Originally known as the Atari VCS, and if you knew that we'd tell you to get out more if it wasn't pointless. And too late.
An MOS 6507 CPU with 128 bytes of RAM (yes, that is bytes, and yes, that does mean it took more RAM to display this sentence than Atari games.) Most games could only manage about five moving objects rendered in six different colors. That's less powerful hardware than a bag of jellybeans.
The Atari 10400
An entire generation of children spent hours either playing Atari or wishing they could, thereby proving pretty much everything anyone says about us gamers. We're not saying it was made by the sorts of people who think "micro-processor" was a word for Asian factory workers, but early models had wooden paneling. Of course, since its primary competitor, the Fairchild Channel F, was designed specifically to look like an 8-track player, nobody seemed to mind.
Atari's Pac-man has remained the worst screwing of a sure thing since someone used a winning lottery ticket as a wankrag. Atari took what was the most popular arcade license to date and gave one man, Todd Frye, six weeks to destroy it. He succeeded beyond their wildest nightmares.
From the decision that player didn't really need to see the ghosts all the time (making them flicker at a rate which accelerated from zero to migraine in ten seconds), to changing the shape of the pellets from dots to dashes (possibly the only Morse Code translation error in the history of gaming), not one aspect of the title went un-ruined. What was intended to be the best-selling game of the industry's history was instead half of the reason why it crashed.
Freeway (1981) [from Bloody Human Freeway]
BEHOLD THE GORE!
Bloody Human Freeway wanted to be the Mortal Kombat of its day, having a human running across a motorway but - just in case that sounds interesting - you could only move in one dimension. And - just in case you've had a sledgehammer rammed into your skull and that still sounds interesting - Activision wimped out of the 27 pixels of blood and in an insightful self-parody turned the players into cowardly chickens which automatically jumped away from danger
It didn't help that the game design turned it into a "which way is up?" competition. Hold the joystick that way and you win.
Strawberry Shortcake's Musical Match-Ups
Guaranteed Bad Game Strategy #2, "Let's make a game for girls!" forced players to rearrange clothes in order to hear the 2600 play music. You know, because girls like music.
The game that came with the Atari 2600 and boasted an amazing 27 games in one, though that's by "Combat logic" where changing your socks doubles your wardrobe and kissing your girlfriend while wearing a hat means she's cheating on you. The 27 different games were more like different "levels" of the same game, and even that sometimes meant the same level in different colors.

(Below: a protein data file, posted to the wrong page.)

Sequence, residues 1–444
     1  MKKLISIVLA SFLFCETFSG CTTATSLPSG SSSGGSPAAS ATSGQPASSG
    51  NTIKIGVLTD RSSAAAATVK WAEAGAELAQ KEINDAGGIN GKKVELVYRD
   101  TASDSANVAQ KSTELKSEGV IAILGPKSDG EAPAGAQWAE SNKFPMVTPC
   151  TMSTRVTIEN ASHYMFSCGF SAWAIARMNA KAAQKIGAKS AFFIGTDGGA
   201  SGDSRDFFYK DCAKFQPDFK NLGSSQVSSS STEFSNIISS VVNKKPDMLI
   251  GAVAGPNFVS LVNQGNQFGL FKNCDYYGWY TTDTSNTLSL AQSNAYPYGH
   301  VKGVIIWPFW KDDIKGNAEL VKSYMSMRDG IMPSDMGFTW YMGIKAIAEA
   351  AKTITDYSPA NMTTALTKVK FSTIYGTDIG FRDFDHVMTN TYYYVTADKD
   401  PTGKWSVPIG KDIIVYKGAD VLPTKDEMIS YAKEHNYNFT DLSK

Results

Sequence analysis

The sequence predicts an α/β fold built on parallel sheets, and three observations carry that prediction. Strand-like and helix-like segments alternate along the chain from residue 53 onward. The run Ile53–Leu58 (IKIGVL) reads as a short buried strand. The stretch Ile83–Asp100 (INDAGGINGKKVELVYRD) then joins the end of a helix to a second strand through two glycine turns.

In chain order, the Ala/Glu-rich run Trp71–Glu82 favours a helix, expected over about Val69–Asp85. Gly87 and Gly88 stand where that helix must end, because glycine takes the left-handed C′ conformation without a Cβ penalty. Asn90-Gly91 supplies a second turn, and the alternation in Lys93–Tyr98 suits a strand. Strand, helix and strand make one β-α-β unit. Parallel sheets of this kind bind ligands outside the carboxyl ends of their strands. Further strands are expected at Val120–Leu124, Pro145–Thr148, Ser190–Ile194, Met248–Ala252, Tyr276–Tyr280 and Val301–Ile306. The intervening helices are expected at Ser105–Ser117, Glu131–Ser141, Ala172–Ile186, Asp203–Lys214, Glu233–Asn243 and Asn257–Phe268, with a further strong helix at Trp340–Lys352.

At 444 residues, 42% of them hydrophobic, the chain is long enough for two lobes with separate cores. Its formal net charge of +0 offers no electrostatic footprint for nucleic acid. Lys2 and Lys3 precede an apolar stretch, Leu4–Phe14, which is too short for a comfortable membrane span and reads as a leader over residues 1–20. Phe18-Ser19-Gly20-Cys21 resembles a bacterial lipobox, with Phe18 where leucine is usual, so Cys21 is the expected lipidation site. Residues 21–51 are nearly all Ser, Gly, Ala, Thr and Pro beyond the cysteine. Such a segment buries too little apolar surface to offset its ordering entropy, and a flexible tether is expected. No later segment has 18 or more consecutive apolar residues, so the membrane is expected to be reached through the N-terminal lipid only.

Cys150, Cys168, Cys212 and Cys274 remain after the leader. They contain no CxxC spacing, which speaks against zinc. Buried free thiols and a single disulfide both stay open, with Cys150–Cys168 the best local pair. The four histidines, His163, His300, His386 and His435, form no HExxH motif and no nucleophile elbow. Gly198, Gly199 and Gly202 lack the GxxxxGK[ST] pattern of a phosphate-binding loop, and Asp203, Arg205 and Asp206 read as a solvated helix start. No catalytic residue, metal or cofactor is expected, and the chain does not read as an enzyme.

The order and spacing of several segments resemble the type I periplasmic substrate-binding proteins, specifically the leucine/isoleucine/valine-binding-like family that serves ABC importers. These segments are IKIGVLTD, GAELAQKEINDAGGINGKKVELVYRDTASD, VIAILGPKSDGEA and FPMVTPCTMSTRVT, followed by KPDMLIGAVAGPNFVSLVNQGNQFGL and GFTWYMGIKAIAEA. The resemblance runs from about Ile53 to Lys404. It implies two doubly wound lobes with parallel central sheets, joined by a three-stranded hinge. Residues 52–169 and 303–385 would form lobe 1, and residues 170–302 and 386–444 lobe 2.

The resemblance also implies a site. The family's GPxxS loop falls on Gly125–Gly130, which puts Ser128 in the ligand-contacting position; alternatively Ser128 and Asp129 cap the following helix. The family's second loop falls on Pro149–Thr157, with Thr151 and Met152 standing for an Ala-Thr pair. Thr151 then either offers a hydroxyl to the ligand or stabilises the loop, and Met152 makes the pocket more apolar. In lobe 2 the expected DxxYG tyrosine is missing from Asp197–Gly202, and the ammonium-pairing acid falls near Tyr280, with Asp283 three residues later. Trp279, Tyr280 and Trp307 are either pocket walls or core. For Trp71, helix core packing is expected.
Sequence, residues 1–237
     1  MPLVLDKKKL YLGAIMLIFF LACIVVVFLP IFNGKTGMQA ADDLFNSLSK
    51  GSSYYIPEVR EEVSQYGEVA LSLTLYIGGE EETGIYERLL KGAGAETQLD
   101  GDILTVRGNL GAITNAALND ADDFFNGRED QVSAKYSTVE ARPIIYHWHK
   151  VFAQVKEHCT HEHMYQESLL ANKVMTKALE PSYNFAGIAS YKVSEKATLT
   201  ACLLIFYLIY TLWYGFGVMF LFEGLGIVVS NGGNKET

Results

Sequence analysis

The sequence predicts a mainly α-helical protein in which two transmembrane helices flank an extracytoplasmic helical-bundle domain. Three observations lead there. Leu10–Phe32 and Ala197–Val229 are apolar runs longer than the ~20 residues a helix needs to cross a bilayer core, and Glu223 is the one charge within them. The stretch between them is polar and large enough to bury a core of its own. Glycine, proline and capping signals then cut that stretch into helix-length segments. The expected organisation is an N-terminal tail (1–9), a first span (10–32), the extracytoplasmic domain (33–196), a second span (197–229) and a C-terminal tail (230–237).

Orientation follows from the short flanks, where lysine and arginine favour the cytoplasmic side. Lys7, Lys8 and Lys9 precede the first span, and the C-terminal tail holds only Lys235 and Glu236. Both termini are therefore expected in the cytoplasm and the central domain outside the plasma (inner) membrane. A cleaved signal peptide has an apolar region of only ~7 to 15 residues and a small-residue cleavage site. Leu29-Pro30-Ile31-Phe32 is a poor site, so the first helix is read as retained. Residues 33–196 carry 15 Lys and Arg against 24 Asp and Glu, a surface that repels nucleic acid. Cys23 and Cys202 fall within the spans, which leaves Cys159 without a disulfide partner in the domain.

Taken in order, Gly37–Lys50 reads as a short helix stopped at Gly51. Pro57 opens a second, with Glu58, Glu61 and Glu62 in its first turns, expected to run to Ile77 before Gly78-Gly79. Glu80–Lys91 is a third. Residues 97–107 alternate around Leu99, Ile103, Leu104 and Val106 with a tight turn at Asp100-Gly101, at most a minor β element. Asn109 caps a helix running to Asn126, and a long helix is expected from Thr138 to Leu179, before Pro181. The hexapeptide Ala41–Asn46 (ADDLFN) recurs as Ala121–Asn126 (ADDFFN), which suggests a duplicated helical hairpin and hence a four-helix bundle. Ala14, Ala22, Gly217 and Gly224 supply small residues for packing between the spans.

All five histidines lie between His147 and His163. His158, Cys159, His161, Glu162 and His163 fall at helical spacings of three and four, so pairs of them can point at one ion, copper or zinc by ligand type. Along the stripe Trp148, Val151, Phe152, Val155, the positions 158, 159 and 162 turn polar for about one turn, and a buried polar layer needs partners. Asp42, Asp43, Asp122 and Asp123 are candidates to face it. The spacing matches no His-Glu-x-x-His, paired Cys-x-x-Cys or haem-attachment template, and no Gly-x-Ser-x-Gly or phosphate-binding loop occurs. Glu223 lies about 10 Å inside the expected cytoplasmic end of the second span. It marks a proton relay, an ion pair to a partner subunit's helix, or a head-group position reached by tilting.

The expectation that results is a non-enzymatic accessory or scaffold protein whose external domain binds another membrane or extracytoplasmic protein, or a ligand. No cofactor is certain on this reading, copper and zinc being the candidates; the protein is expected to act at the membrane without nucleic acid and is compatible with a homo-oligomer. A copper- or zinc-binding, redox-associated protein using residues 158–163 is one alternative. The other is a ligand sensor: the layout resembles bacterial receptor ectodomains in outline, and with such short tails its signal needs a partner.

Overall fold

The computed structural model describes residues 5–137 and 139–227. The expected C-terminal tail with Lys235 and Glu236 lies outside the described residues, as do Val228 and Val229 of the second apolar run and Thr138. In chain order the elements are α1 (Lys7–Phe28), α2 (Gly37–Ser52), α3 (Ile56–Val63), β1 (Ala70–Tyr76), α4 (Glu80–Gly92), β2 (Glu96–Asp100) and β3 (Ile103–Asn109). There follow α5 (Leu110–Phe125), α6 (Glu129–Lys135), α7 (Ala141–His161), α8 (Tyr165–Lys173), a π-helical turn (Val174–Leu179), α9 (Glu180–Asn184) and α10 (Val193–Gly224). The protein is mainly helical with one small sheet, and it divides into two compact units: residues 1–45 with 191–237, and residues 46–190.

Two of Combat's different "games" (Note: still more change than the average Madden title)
No jokes. We'd still play this forever, without question.
Defaulted to one of the best games ever because it was a working Pac-Man, AND you were chased by aliens instead of ghosts, DOUBLE-AND Ripley could eat the chest-bursters when she got the glowing pill aka "A scene which would give Giger nightmares and Freud a boner."
One of the few popular educational titles. It provided perfect training for life: you spend all your time doing and undoing pointless things simply because someone told you to, one wrong step and you'll ruin everything, and other people will devote themselves to undoing even your thankless task for no other reason than they can.
Making erotic games on the Atari 2600 was like building a fire truck by origami - a terribly damaging decision which should have been identified as stupid before the designer had finished spitting paint flakes to say it. Except third degree burns heal faster than the psychological trauma of masturbating to eight pink pixels. To this day the Japanese can't achieve erection without the women doing something heavily pixilated in public.
Bachelorette Party (1982)
An astonishingly bad breakout game where the blocks are a rainbow of dicks, the ball is a girl, and the paddle is edge-on. And for Breakout fans that last bit is the worst. And the girl exponentially accelerates so that it's actually impossible to play for longer than ten seconds, which is not a problem a regular human will have. The game required a paddle (similar to other erotic games/worst things ever like "Beat 'Em and Eat 'Em), which was tragic: anyone playing this game desperately needed a lot of things, but more Atari 2600 hardware is right at the bottom of the list (after mercy-killing and "A restraining order from the rest of the human race.)
Custer's Revenge (1983)
You might not have expected a Union General to be part of the Worst Thing Ever but here we are. The game's graphics are significantly less sexy than Lego, its rendition of The Last Outpost is the most disrespectful version of the song since Carlos Mencia farted it, and the fact the game can be set for 2-player is the one and only positive argument for "Grenades thrown into enclosed spaces."
People noticed that rapidly cycling the power on and off would generate weird effects in their games. In other words, Atari 2600 games were so bad that children would try to melt their own cartridges just to get them to do something, anything differently. Nowadays things are much more advanced: Microsoft designs its consoles to melt themselves for you.